Prostate Cancer Risk Increases With Increase In Waistline
Men with larger waistlines now have more to worry than just their weight, as a University of oxford study has found that men with larger waistlines could be at higher risk of developing aggressive prostate cancer.
The study found that men with waists larger than 37 inches were most at risk.
The research study on 140,000 men from eight European countries revealed that a 4-inch larger waist circumference could increase the chances of getting prostate cancer by 13%.
The study was presented at the European Obesity Summit in Gothenburg, Sweden.
BMI and waist circumference linked to prostate cancer
The study looked at the link between body measurements of men in their 50s and prostate cancer risk over 14 years.
The study found that in that duration of time, there were about 7,000 cases of prostate cancer, of which 934 were fatal.
The results of the study showed that men with a higher body mass index (BMI) and waist circumference had an increased risk of aggressive prostate cancer.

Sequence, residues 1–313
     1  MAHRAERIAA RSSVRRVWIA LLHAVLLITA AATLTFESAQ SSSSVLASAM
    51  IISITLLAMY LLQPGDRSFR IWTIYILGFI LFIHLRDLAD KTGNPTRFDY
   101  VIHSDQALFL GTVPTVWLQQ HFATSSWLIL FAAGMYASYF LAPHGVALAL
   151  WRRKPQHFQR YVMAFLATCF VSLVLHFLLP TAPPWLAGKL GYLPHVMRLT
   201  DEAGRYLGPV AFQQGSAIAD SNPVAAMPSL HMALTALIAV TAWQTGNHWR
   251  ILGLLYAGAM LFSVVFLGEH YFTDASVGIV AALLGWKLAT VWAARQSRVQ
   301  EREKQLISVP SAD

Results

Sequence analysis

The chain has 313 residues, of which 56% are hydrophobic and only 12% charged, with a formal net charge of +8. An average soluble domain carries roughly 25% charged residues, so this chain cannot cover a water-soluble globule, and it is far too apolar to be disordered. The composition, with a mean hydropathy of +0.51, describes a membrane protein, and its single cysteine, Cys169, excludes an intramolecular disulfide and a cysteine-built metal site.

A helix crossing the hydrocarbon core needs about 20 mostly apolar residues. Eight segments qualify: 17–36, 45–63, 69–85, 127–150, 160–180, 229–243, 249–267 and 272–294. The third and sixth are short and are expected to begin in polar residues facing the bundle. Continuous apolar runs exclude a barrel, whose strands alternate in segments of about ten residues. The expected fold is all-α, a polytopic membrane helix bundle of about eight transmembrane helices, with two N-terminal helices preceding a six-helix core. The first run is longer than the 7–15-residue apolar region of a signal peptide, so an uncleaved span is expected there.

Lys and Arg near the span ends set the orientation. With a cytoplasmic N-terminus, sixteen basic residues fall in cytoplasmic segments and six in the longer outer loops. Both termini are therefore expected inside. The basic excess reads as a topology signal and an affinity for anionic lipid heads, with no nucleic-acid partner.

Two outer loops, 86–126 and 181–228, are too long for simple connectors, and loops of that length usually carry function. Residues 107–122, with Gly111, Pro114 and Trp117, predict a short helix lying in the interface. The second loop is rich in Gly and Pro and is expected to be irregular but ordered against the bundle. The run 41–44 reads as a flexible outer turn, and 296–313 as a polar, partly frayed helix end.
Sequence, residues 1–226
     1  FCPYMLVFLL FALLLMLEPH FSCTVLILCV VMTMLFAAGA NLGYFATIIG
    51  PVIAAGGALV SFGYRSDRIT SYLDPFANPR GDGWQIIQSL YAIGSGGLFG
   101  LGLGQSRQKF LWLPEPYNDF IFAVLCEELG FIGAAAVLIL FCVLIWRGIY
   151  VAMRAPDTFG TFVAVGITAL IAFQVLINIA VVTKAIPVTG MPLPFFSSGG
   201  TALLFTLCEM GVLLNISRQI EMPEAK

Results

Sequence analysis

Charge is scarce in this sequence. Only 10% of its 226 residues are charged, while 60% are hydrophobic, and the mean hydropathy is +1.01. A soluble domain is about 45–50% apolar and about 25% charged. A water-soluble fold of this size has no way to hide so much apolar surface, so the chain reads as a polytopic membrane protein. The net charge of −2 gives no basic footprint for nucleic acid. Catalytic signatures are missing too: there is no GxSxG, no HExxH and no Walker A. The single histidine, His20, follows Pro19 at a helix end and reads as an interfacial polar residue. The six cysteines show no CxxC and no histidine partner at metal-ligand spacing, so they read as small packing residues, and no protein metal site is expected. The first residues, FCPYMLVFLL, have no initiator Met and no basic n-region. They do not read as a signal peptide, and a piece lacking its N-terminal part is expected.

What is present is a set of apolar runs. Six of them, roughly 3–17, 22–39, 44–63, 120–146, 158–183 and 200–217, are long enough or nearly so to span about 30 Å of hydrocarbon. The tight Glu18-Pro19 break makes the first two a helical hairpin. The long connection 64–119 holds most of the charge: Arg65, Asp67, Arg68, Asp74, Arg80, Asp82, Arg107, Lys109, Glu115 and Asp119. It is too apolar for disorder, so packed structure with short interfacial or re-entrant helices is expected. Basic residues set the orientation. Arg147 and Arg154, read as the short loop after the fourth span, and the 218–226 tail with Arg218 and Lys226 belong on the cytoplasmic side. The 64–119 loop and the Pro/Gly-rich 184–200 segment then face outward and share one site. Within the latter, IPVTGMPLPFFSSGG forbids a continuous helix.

The researchers concluded that men with a waist size of 37in (94cm) had a 13% higher risk of aggressive prostate cancer, as compared to men with a waist of 33in (84cm). Also, the risk of dying from prostrate cancer increased with a high BMI and increased waist circumference.
About 47,000 men are diagnosed with prostate cancer every year in the UK and more than 10,800 men die from it every year in the UK.
A spokesman for Prostate Cancer UK said,
“Maintaining a healthy weight and staying active can protect against many diseases, including cancer.
“This research adds to a growing body of evidence that shows that weight and waist size could be another crucial risk factor for men to be aware of when it comes to protecting themselves against prostate cancer.”
Dr Aurora Perez-Cornago from the Nuffield Department of Population Health at the University of Oxford said the study showed that the link between body size and prostate cancer was complex.
Also, the association between body size and prostate cancer varied by the aggressiveness of the disease.
“Men should try to maintain a healthy weight and if possible lose weight around their waist”.
However, she added that the study had not looked at the effect of losing weight on prostate cancer risk.
Thea Cunningham, health information officer at Cancer Research UK, said more research was needed to get a clearer picture of the link.
“It isn’t clear whether excess weight itself is causing men to develop aggressive prostate cancers, or if prostate cancers are less likely to be picked up at an early stage in overweight men, meaning their prostate cancer may be aggressive or advanced by the time it is diagnosed.
“Keeping a healthy weight can help men reduce their risk of several other cancers including bowel cancer.”